I’ll eventually do a post on the substance of the Grassley-Graham referral of Christopher Steele to the FBI for (as I predicted) lying about his contacts with journalists. It will surprise none of you to know that I think the commentary so far, from both right and left, is garbage.
But I do want to look at one footnote from the letter that is news for other reasons. The disclosure that, in testimony to the Senate Judiciary Committee, Rinat Akhmetshin said
Unsurprisingly, during the summer of 2016, reports of at least some of the dossier allegations began circulating among reporters and people involved in Russian issues.19
19 (U) Akhmetshin Transcript, On File with the Sen. Comm. on the Judiciary (Mr. Akhmetshin informed the Committee that he began hearing from journalists about the dossier before it was published, and thought it was the summer of 2016).
They raise this for the same reasons I’ve worried about the briefings to journalists, the likelihood that as journalists started chasing the story, they might alert people who could, in turn, alert the Russians, making it easier to insert disinformation into Steele’s reporting channels.
As always with these partisan releases, precisely what Akhmetshin said matters. Did he really say he knew about the dossier, or only the allegations about a pee tape and (this is critical) that Russians were preparing to deal kompromat on Hillary? If he knew about the dossier, did he know the folks at Fusion — with whom he enjoyed booze lubricated dinners — were involved?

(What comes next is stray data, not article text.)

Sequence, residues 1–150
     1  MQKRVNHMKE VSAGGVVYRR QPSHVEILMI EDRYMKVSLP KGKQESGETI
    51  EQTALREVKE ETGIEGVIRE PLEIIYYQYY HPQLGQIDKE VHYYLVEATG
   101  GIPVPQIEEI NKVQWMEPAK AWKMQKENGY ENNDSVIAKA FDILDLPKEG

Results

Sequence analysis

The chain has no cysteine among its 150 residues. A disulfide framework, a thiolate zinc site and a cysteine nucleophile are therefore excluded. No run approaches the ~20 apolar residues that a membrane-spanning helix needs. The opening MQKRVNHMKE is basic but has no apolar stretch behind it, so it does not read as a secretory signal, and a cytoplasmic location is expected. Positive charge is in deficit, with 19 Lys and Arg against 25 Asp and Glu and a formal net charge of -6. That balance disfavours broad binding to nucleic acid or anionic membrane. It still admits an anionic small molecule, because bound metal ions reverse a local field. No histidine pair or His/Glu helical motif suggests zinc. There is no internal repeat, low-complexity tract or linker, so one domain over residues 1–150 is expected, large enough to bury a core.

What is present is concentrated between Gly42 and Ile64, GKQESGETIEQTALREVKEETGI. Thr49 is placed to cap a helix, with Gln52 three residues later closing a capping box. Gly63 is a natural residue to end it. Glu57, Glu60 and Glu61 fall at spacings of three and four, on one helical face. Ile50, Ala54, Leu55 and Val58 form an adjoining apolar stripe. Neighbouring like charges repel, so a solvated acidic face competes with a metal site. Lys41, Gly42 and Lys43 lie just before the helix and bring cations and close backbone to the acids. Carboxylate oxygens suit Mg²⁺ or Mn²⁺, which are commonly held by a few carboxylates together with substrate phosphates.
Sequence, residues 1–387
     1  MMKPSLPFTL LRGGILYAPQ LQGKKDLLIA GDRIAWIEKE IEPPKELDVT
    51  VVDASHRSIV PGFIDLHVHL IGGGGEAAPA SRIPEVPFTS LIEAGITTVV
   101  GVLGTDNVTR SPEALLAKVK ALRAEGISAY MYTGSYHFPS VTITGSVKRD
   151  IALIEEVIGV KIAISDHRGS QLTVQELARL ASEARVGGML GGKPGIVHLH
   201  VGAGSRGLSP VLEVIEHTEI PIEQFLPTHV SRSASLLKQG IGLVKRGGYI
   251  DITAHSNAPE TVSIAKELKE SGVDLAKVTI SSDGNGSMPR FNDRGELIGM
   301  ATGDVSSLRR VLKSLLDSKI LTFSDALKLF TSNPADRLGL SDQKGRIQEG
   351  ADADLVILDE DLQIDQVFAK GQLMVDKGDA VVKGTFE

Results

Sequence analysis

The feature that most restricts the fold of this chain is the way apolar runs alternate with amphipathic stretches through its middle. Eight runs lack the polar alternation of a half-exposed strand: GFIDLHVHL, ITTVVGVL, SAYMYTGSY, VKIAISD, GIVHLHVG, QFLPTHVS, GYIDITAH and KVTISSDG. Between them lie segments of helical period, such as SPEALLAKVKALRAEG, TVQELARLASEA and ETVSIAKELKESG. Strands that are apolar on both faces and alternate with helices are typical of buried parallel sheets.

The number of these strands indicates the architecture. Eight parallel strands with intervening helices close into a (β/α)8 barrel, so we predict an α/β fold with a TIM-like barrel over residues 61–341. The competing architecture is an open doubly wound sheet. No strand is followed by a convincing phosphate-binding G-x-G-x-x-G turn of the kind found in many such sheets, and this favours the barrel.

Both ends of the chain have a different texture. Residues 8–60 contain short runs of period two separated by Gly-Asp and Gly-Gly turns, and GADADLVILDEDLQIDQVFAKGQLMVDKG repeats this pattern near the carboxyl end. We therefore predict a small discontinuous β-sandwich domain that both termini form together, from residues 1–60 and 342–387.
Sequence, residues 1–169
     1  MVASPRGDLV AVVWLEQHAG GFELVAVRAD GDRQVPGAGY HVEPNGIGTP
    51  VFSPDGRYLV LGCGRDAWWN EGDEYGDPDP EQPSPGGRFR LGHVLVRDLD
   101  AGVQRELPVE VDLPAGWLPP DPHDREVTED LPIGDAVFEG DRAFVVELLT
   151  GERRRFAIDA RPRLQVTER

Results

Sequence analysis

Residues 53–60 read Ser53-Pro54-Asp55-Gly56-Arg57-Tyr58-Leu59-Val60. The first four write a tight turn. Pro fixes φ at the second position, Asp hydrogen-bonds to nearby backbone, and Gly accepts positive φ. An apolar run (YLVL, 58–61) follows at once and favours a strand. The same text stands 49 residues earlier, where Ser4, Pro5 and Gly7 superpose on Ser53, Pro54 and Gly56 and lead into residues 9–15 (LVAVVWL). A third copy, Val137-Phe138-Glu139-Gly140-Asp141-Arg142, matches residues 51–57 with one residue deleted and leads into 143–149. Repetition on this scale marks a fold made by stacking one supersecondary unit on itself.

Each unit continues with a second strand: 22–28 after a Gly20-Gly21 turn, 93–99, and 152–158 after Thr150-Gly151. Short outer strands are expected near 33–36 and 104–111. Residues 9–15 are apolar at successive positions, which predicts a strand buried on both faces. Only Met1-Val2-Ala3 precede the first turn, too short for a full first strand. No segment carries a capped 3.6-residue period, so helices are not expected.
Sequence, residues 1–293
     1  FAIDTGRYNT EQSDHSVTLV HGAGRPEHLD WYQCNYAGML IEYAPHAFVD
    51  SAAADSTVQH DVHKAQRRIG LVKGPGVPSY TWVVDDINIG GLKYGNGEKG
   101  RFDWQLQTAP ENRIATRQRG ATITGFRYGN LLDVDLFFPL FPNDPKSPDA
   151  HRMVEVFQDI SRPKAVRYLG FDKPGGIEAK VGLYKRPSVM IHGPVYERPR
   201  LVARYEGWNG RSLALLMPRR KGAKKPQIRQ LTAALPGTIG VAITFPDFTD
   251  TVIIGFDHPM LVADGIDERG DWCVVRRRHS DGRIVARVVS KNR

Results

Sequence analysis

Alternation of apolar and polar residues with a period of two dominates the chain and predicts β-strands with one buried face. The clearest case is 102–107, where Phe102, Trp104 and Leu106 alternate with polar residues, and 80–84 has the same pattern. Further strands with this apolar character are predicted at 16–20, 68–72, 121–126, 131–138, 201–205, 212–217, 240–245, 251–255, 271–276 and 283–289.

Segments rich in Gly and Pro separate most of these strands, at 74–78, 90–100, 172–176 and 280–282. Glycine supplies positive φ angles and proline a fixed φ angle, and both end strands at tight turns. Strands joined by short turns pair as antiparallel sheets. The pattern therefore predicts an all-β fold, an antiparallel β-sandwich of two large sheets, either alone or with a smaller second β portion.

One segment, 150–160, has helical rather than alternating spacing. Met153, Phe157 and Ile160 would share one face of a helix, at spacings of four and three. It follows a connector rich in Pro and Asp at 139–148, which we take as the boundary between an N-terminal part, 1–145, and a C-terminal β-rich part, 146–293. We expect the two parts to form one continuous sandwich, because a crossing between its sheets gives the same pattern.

It’s always possible, of course, that Akhmetshin (who almost certainly has spoken with Mueller’s team at least twice) is lying, admitting he knew of the dossier but attributing it to a reporting channel that shifts blame.
But if it’s true, then there are journalists in DC who, enjoying the same kind of chatty relationships with Akhmetshin I understand a lot of journalists have long enjoyed, know that they told him about the dossier or the underlying intelligence. I think the precise date of such conversations probably needs to remain secret — particularly given the discrepancy between when Akhmetshin says he first heard about the dossier and when Steele and Glenn Simpson say they first started briefing it.
But that a journalist or journalists shared the information might be worth admitting, for the clarity it would give to the story. Two of the journalists at the center of this — David Corn and Michael Isikoff — have been all over the news. Mother Jones is even fundraising off of it.
Surely confirming Akhmetshin’s story, if possible, would be newsworthy?